A major issue in the play is that violence against women. Through Enright’s use of characterisation and dialogue, we discover that is is prominent issue throughout the play as it appears in numerous scenes. In scene 14 we discover Tracy Warner had been murdered after being sexually assaulted by three men. While later on in scene 21, Ricko threatens Tiffany with violence. “You looking for a smack in the mouth?”
These scenes elicit a response from the audience to again question why men would resort to threatening women, let alone also assault them. They are also encouraged to view violence against women as pathetic because characters such as Ricko are weak. The theme masculinity is prominent throughout the play. Physical strength and other male attitudes are revealed. The audience positioned to respond to the theme through Enright’s use of drama conventions such as setting and characterisation. The setting in scene 19 is in the local gymnasium where two males are boxing. Boxing is a stereotyped as being a masculine sport as men fight to prove who is stronger and more powerful. As the audience is positioned to see how males feel the need to be masculine to prove and impress their friends by being stronger.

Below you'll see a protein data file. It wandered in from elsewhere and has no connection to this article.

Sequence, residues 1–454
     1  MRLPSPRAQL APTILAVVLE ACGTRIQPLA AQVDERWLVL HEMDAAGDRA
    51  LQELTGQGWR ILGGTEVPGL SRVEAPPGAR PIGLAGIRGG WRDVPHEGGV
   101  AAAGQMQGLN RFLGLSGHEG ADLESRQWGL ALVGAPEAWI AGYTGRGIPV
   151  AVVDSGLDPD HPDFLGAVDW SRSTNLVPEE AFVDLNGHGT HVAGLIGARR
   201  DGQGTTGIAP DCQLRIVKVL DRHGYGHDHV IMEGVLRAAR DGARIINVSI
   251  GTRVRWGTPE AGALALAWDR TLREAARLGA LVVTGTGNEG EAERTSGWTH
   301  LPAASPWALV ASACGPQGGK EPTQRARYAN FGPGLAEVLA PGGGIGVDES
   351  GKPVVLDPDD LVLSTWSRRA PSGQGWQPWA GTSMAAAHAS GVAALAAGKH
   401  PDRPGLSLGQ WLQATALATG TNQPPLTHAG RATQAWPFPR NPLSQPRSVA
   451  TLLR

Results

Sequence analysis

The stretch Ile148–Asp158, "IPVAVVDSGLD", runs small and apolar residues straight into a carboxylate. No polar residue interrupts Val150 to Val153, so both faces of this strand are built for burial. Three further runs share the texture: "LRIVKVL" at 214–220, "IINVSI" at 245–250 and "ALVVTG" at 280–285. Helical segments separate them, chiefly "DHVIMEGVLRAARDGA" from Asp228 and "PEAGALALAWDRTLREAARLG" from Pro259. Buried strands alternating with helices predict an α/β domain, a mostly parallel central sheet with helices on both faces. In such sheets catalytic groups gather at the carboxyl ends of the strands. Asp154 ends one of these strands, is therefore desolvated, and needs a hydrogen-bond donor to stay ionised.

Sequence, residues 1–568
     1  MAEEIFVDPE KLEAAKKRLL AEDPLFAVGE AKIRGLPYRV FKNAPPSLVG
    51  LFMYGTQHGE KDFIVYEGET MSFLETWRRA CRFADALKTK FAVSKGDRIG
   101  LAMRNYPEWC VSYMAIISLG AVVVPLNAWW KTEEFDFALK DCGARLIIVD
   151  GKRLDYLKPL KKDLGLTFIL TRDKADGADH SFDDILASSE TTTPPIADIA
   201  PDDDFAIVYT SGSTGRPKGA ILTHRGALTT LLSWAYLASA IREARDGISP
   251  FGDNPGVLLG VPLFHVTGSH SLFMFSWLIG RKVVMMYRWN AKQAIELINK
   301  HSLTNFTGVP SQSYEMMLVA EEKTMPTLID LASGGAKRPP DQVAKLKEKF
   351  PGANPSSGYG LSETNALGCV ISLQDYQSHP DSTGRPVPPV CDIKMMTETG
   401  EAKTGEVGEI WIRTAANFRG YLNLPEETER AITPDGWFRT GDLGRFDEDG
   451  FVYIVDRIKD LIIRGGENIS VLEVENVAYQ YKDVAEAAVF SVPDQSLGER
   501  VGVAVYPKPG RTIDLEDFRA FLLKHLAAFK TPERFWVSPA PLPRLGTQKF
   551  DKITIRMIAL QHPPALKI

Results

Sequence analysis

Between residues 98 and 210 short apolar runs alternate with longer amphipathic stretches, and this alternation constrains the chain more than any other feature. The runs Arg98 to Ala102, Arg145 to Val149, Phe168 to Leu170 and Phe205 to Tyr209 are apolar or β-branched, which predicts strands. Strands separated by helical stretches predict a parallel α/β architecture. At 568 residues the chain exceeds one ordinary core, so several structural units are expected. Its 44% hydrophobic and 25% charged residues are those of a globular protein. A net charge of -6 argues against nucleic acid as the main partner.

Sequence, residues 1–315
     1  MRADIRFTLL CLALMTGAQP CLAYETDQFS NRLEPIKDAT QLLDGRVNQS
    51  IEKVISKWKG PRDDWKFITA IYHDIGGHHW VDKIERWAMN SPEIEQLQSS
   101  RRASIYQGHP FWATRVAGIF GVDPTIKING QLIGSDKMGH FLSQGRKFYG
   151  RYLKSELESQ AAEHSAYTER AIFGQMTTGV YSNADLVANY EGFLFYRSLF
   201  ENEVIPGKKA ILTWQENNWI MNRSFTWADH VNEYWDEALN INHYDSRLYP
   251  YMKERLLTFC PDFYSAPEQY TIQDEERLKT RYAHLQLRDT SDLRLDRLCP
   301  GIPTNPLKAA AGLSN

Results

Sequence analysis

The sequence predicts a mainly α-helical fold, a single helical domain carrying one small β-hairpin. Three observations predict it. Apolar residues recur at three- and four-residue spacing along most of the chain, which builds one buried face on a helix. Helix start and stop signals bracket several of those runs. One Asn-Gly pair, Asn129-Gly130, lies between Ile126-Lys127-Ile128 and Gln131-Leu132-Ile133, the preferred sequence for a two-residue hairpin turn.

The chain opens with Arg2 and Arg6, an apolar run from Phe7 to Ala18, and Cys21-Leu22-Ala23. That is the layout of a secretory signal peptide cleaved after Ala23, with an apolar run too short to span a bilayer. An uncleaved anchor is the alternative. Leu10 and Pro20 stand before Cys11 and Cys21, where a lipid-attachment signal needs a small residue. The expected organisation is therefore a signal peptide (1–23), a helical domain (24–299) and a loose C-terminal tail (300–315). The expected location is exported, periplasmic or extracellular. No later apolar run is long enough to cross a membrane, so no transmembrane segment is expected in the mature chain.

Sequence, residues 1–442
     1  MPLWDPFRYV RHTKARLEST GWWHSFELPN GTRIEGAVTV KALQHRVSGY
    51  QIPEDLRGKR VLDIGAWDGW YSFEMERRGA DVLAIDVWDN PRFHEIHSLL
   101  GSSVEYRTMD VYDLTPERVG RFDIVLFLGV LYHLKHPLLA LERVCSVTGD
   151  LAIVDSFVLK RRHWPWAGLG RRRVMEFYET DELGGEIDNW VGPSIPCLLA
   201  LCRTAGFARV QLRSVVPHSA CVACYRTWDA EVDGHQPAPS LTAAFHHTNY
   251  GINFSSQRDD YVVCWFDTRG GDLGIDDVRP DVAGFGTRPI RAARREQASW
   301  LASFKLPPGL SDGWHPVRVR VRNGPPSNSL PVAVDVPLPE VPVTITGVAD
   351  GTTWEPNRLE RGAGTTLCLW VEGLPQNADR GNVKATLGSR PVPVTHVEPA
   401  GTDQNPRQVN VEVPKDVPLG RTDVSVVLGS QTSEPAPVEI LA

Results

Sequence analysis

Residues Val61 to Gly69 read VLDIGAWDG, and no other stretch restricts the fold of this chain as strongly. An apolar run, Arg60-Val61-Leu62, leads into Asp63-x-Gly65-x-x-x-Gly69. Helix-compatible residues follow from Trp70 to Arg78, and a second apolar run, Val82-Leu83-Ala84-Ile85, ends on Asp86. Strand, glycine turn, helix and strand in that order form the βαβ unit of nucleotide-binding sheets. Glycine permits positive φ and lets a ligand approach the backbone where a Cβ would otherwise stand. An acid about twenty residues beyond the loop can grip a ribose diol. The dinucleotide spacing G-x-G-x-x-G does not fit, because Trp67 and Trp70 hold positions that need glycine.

The theme double standards again appear throughout the play. Women in numerous scenes are treated differently and marginalised to males simply because their gender. Enright’s use of dialogue and characterisation positions the audience to see how women received different treatment to men. In scene 5 Cherie is unable to attend the party because she would be unable to defend herself as she is a women. As the audience were positioned to feel sympathetic for her.
“Cheries got to learn how the world works”. Here we are also positioned to see how women are seen as weak and fragile and that only men can look after themselves. Blackrock by Nick Enright represents the issue of violence against women, the youth culture in Australia, masculinity and double standards. The use of drama conventions such as characterisation, dialogue and the setting is effective in positioning the audience to respond to these issues in scenes throughout the play.